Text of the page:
Lessons in Etiquette, Vol 4

Dear Internet,
The Gentlemen now offer a brief lesson in “Etiquette on the Motorways.” As is our custom, we suggest general principles with a pregnant example.

The scene: It is a pleasant late-summer Sunday, early in the evening. My gentleman partner and I, having just completed one of our regular Sunday afternoon engagements, are steering our motorcar up 1st Avenue towards the Queensboro Bridge . This is a favorite journey for the both of us. Traffic is typically light, so there is little to distract us from conversation.

“It is nearing sunset, friend,” says the Councilman.
“We’ll have a pleasant view from the bridge, methinks,” says me.
“How I do enjoy this time with you, friend.”

Our fellow travelers, be they in taxicabs, rickshaws, or sedans, appear to have left the troubles of the work week behind. Drivers signal politely and greet us with a smile, whether they are passing or being passed. Such a pleasant community of motorists I have not known, before or since. But little did we realize: there was a hoodlum in our midst! Suspense!

Our customary route over the bridge consists of a narrow, dangerous, one lane passage, barely wide enough for our gentleman van. The risks of said passage are apparent, and many an inattentive driver has found himself bathing in East River slime after the tiniest error in course. Dangerous, indeed! Perhaps, you say, we should have chosen another route? Perhaps. But, the gentlemen are fond of adventure.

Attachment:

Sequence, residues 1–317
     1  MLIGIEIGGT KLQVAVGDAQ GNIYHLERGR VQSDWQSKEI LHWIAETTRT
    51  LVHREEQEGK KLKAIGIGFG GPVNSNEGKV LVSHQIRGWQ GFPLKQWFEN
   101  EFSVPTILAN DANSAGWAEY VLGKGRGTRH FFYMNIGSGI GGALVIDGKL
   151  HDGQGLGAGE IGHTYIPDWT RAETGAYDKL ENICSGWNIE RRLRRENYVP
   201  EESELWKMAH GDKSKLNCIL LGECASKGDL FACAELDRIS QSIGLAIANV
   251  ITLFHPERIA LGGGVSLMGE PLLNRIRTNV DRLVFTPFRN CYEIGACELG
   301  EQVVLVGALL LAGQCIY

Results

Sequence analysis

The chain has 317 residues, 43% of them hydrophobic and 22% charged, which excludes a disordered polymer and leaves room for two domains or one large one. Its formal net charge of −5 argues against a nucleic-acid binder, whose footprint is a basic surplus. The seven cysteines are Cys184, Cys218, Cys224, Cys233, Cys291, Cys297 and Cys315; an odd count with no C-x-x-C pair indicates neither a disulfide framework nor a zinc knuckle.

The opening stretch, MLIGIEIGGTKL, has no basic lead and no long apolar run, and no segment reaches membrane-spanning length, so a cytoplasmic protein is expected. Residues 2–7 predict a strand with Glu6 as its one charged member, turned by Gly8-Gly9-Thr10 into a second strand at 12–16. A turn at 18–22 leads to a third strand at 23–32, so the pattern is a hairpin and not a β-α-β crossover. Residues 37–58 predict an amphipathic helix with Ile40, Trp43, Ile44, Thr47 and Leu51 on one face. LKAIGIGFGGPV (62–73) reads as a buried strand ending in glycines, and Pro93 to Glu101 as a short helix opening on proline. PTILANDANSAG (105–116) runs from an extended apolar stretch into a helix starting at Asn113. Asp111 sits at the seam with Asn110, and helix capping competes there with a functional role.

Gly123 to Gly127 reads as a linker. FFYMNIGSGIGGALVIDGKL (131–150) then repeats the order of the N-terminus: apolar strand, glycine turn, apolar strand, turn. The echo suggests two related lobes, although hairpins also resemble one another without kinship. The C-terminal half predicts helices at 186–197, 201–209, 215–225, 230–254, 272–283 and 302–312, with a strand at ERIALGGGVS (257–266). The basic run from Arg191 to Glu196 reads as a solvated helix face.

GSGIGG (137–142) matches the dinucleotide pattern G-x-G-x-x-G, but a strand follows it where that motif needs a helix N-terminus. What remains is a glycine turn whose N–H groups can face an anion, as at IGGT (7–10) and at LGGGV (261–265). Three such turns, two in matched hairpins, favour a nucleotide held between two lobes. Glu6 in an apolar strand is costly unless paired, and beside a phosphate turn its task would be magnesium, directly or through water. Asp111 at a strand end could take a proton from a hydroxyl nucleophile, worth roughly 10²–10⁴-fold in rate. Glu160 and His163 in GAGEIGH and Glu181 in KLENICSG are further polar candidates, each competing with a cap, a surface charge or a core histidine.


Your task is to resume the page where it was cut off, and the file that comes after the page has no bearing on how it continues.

We are not fond, however, of that reckless foolery so common among youths. And you can imagine our chagrin when, as we merged onto the narrowing passage, a grinning and greasy teen-person endeavored to overtake our vehicle with his. Though I attempted evasive maneuvers in our tight quarters, it seemed for a moment that our choices lay between a dreadful smash-up and a watery grave.

The Councilman, sensing our dilemma, voiced his opinion loudly, “Dreadful Smash-up! Dreadful Smash-up!” Not satisfied with our options, however, I narrowly delivered us from harm with a feat of vehicular dexterity not commonly seen. The Councilman cheered!

And his cheering grew louder when he saw what transpired next. Our thoughtless nemesis, upon overtaking us, sped not off into the distance. Rather, he found himself stuck behind a slow-traveling sedan with nary six inches on either side for him to pass. Impatiently he swerved to and fro. Sensing an opportunity, I guided our gentlevan close behind and in between peeks at the delightful skyline, The Councilman and I shot nasty glances toward the young man’s mirrors.

Several tense minutes later, the bridge landed us in our home borough and the passage way widened. Our antagonist quickly sped away. Attempts to catch him were quickly ruled out. The gentlevan, weighed down with instruments, gentlemen, and bottles of spirits, is not made for sport.

“We are beaten again,” I sighed.
“Not so!” declared The Councilman! “He is ours!”

Indeed! Fate had smiled upon The Gentlemen once again. Our foe sat parked before us at a traffic light. I sped the gentlevan ahead, pulled behind the offender, placed the van in park, re-applied my necktie, straightened my trousers, tuned my banjo, and leapt from the car to confront the scoundrel. The Coucilman remained behind to protect against any flanking maneuvers.